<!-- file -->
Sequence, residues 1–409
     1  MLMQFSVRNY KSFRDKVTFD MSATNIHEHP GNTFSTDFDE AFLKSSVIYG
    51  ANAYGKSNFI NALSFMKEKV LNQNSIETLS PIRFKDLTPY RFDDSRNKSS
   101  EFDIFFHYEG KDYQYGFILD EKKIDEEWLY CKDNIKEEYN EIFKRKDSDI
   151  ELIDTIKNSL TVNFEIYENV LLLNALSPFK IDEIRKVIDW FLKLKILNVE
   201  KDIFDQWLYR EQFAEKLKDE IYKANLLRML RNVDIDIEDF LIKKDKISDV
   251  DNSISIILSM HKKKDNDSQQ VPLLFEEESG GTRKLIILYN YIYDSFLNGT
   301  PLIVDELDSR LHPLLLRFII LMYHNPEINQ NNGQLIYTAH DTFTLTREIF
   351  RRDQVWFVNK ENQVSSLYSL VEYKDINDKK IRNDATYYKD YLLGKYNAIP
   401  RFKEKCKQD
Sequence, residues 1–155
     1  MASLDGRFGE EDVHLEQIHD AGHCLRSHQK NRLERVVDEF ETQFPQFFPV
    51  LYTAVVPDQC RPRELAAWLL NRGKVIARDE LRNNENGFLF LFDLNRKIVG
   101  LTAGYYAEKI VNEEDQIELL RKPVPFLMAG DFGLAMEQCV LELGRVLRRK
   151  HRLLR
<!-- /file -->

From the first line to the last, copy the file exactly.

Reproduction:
Sequence, residues 1–409
     1  MLMQFSVRNY KSFRDKVTFD MSATNIHEHP GNTFSTDFDE AFLKSSVIYG
    51  ANAYGKSNFI NALSFMKEKV LNQNSIETLS PIRFKDLTPY RFDDSRNKSS
   101  EFDIFFHYEG KDYQYGFILD EKKIDEEWLY CKDNIKEEYN EIFKRKDSDI
   151  ELIDTIKNSL TVNFEIYENV LLLNALSPFK IDEIRKVIDW FLKLKILNVE
   201  KDIFDQWLYR EQFAEKLKDE IYKANLLRML RNVDIDIEDF LIKKDKISDV
   251  DNSISIILSM HKKKDNDSQQ VPLLFEEESG GTRKLIILYN YIYDSFLNGT
   301  PLIVDELDSR LHPLLLRFII LMYHNPEINQ NNGQLIYTAH DTFTLTREIF
   351  RRDQVWFVNK ENQVSSLYSL VEYKDINDKK IRNDATYYKD YLLGKYNAIP
   401  RFKEKCKQD
Sequence, residues 1–155
     1  MASLDGRFGE EDVHLEQIHD AGHCLRSHQK NRLERVVDEF ETQFPQFFPV
    51  LYTAVVPDQC RPRELAAWLL NRGKVIARDE LRNNENGFLF LFDLNRKIVG
   101  LTAGYYAEKI VNEEDQIELL RKPVPFLMAG DFGLAMEQCV LELGRVLRRK
   151  HRLLR